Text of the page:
Ians Collins & Save the Children

Name: Ian Collinssave children

Year: Junior

Internship: Corporate Partnerships with Save the Children

Major: International Business

How did you get this internship?

I talked with Amy from the Amica Center about my interests and she referred me to professor Emily Copeland, whom I had taken freshman year. She made me aware of internships at Save the Children. A family friend was involved with the organization, and he put me in touch with the internship coordinator. I sent in my application and was invited to interview. My manager, who interviewed me and read my resume, was impressed with the relevance of course projects I had done at Bryant!

What were your daily responsibilities at your internship?

My role was not rigidly defined because of the team’s diverse and constantly changing work. My tasks were usually research and reporting, but I was also assigned data entry, providing feedback on ideas and deliverables, helping employees with excel, and other miscellaneous tasks. Some examples of work I did are building an excel application to navigate and track awards to apply programs for, preparing reports of various scales on companies and their social responsibility programs to help inform managers about companies and inspire ideas, and creating a weekly report to update managers on business news. I also attended a lot of meetings both related and unrelated to my projects. It was great to work with the team and also be exposed to so much information about the organization and industry.

What was the most challenging part about your internship?

At Save the Children people are very talented and passionate and things move really fast. Furthermore, people are usually simultaneously working on diverse projects. It was difficult getting and staying up to speed.

How will this further your career?

I got to work on some important skills such as softwares, internal and external communications, and working in an office environment. Furthermore, my time at Save the Children provided me with inspiration and information for my career aspirations. I learned about many different ways that people are using business skills and resources for social purposes and saw the different ways I could become involved. Working for an NGO offers the task of coordinating the resources of businesses with the skills of technical experts. Corporations also consult with NGOs to ensure that their operations are sustainable. On the other side, corporate foundations allocate the resources of companies towards social causes to benefit the business and the world. I am interested in learning more about this side because it provides a great opportunity to use business knowledge; foundation managers need to sell corporate social responsibility to profit driven executives.

Though I was most directly involved in these two sectors, this internship also inspired me to further explore shared value and impact investing, fields that offer the potential to do well by doing good. When researching companies I was able to see some of the ways that they incorporate shared value into their business models and was impressed by the innovation and effort of a few companies in particular.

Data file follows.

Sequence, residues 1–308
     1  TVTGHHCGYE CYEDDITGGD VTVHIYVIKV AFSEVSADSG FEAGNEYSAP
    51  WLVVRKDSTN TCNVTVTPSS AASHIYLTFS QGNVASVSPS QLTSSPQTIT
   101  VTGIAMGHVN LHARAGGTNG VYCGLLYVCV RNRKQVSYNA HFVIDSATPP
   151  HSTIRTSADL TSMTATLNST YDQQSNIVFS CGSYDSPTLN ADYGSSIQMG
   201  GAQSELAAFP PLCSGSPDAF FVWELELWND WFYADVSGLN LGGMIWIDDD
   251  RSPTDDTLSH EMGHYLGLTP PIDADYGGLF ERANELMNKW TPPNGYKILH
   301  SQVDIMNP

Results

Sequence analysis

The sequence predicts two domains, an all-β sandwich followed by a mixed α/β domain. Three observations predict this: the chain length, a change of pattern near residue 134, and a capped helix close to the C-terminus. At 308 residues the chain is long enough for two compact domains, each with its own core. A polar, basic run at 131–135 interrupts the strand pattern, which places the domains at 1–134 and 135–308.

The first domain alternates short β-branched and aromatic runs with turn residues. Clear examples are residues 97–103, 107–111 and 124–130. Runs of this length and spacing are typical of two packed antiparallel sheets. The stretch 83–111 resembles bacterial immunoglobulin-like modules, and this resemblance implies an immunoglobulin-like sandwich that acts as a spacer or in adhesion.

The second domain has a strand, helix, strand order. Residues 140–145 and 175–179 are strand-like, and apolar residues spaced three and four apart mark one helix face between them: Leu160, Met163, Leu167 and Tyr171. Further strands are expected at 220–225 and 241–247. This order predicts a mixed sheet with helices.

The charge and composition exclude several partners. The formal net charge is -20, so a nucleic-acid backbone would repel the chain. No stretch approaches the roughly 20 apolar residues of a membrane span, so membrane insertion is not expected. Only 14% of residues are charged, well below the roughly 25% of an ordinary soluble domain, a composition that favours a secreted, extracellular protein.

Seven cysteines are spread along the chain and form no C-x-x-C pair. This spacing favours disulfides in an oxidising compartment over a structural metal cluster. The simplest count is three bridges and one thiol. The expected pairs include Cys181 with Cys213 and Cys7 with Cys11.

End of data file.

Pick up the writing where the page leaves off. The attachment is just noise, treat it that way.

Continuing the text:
What is your best piece of advice for underclassmen?

There are a lot of people on campus who can help you explore your interests and career. If you find yourself interested in something and would like to pursue an internship or just learn more, make an effort to talk to professors and the Amica Career Center. Even if you aren’t sure if you know a professor who can help you, your professors will most likely know other people who can. Same goes for the Amica Career Center and other Bryant institutes.

My second piece of advice is that you can make a social or environmental impact with your business skills. We’re all very lucky to be where we are at Bryant and in a great position to help others.There are tons of ways to do it whatever your field of study. There are exciting opportunities in impact investing, impact accounting, dedicated CSR programs, supply chain sustainability, cause marketing, and much more! And guess what, there are lots of people at Bryant who can tell you more.


James’ EMC Finance Internship

CaptureName: James Mandeville

Year: Senior

Major/Minor: Finance/Economics

Hometown: Marshfield, MA

Company Interned For: EMC2 Corporation

AC: What was your position and your duties on a day to day basis?

JM: This summer I worked as an FTP (Financial Training Program) Intern. I worked within the Corporate Accounting and Reporting team. A cool part of the job was that I didn’t have the same “day to day duties”-each day was different. However, on a monthly basis, I prepared account reconciliations, processed intercompany invoices, assigned owners to different balance sheet accounts, assisted in the preparation of SEC filings, and assured that the company was complying with PwC and SOX regulations.

AC: What was your favorite part about your internship and what did you find most challenging?

JM: Deciding what my favorite part of my internship was is very difficult, there was so much that I enjoyed. I enjoyed the people I worked with, the trust that mangers had in all their employees including myself, and the open communication between everyone, no matter their level of management. The most challenging part of my internship was getting current employees to listen to the new process changes that I, as an Intern, was implementing.

AC: What was EMC’s culture?

JM: The culture at EMC is awesome, everyone gets along, and there is constant encouragement and recognition for everything. When working at EMC, you feel the connection between everyone and we all worked very well together.

AC: Which classes from Bryant helped you succeed throughout your internship?

JM: To be honest, just about all of my business classes that I have taken helped me through my internship, from BUS101-BUS400. However, specifically Financial and Managerial accounting helped a lot. As well as Investments, Forecasting, Money and Banking and Intermediate Microeconomics